The most important obstacles to technology transfer, however, are the lack of trained personnel, lack of understanding of local circumstances, and the absence of an extensive basic scientific and technical support structures - with the interdisciplinary and multidisciplinary collaboration which is required for modernizing bioenergy. This is clearly demonstrated in chapter I. Training and extension services are vital for the success of technology transfer. Also, information on the technology must be available in a form suitable to the end-user, and the technology must be seen to be reliable. The training of human resources is therefore paramount and should be oriented toward supporting locallybased applications engineering and development. Most of the renewable energy technologies have been developed in the industrialized countries and many of those are too expensive for widespread use in developing countries (Hoffman and NcNelis, 1986) unless they are adapted to local manufacture and maintenance as with over 500 sugarcane alcohol fermentation and distillation plants manufactured in Brazil since the late 1970s. R & D must take into account local, environmental and socioeconomic conditions in order to really produce "bioenergy technologies for development".
Technically simple projects do not always receive the greatest priority in many developing countries. Often, it is scientists with extensive credentials, and who follow developed countries models, who tend to influence planners and dominate funding, while often accomplishing little that is applicable to the needs of the great majority of the people. As shown in this report, technology should not only be readily transferable, but also flexible. Indigenous technology may well prove a fertile startingpoint for many innovative activities. Many technological innovations in the rural sector owe much to the creativity, ingenuity and skill, not necessarily of research scientists, but of local farmers, artisans and entrepreneurs.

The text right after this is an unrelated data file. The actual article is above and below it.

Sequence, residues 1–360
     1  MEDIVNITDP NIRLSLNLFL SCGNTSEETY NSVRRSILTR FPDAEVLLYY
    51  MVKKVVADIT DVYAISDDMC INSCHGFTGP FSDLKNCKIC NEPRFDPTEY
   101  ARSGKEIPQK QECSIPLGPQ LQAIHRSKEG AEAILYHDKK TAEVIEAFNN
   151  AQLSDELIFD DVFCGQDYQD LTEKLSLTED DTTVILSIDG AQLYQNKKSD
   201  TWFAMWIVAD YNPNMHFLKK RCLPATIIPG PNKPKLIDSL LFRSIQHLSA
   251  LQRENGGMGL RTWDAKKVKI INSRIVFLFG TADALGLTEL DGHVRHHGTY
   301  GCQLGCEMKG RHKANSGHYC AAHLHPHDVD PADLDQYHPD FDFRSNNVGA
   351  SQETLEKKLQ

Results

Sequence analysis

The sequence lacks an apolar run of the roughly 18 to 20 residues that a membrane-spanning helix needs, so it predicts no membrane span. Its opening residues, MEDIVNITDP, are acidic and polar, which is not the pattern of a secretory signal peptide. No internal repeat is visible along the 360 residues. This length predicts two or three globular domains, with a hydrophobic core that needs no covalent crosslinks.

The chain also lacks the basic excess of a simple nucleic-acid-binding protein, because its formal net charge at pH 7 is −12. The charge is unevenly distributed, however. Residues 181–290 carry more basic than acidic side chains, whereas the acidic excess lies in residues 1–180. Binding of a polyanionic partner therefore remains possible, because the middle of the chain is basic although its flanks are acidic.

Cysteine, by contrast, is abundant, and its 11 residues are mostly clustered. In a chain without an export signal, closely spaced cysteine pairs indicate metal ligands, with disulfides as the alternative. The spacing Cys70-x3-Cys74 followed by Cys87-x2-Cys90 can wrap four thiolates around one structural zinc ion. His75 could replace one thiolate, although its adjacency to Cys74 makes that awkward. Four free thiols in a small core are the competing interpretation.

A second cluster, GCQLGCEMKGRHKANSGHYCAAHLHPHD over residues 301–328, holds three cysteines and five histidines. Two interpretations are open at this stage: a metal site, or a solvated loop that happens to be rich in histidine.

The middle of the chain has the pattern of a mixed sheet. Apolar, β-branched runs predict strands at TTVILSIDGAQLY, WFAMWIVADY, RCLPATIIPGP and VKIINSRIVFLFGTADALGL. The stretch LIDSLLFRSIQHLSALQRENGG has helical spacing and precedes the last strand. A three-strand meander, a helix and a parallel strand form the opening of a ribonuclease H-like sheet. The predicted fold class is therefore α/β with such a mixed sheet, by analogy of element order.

The Chinese Government, for example, has been supportive of technology transfer. Official policy has been to push research institutes into pursuing practical engineering problems, e.g., biogas technology is supported by a large and long-standing R & D programme. There are over 100 scientific research institutes in China carrying out biogas-related research, and more than 50 experimental stations have been created to develop new techniques, standardize procedures and train technicians in biogas technologies. The actual involvement of the industry and local entrepreneurs in biogas dissemination is difficult to gauge because of the given, but changing socioeconomic pattern in China. However, in general, the result has been several major improvements in renewable energy systems, construction materials etc.
India also has developed institutional mechanisms for strengthening the technology-transfer system of biomass energy technologies. Some of these mechanisms include the setting up of state agencies to support entrepreneurs, market support, sponsoring R. D & D projects, the creation of biomass-related programmes such as the National Biogas and Improved Chullah Programmes, and the establishment of biomass research centres. Saxena and Vasudevan (1991) conclude that although these efforts have met with some success, most biomassenergy technologies have not yet reached a stage where market forces alone can make the adoption of these technologies possible. A successful instrument in transferring such biomass technologies appears to have been the creation of an artisan network in rural areas to train youths in the operation and maintenance of these technologies.